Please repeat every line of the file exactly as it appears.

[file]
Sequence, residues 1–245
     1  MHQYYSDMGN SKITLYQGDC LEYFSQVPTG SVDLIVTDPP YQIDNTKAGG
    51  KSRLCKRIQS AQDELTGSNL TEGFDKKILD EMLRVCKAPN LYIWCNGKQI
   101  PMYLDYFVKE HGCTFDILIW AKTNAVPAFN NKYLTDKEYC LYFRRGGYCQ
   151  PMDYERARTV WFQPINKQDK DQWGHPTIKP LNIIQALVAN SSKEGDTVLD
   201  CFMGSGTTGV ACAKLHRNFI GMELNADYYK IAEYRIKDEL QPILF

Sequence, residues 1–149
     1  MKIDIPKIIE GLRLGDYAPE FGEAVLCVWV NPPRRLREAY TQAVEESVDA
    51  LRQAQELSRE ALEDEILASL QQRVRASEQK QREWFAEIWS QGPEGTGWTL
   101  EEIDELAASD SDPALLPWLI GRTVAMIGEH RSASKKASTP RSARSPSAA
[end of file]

Sequence, residues 1–245
     1  MHQYYSDMGN SKITLYQGDC LEYFSQVPTG SVDLIVTDPP YQIDNTKAGG
    51  KSRLCKRIQS AQDELTGSNL TEGFDKKILD EMLRVCKAPN LYIWCNGKQI
   101  PMYLDYFVKE HGCTFDILIW AKTNAVPAFN NKYLTDKEYC LYFRRGGYCQ
   151  PMDYERARTV WFQPINKQDK DQWGHPTIKP LNIIQALVAN SSKEGDTVLD
   201  CFMGSGTTGV ACAKLHRNFI GMELNADYYK IAEYRIKDEL QPILF

Sequence, residues 1–149
     1  MKIDIPKIIE GLRLGDYAPE FGEAVLCVWV NPPRRLREAY TQAVEESVDA
    51  LRQAQELSRE ALEDEILASL QQRVRASEQK QREWFAEIWS QGPEGTGWTL
   101  EEIDELAASD SDPALLPWLI GRTVAMIGEH RSASKKASTP RSARSPSAA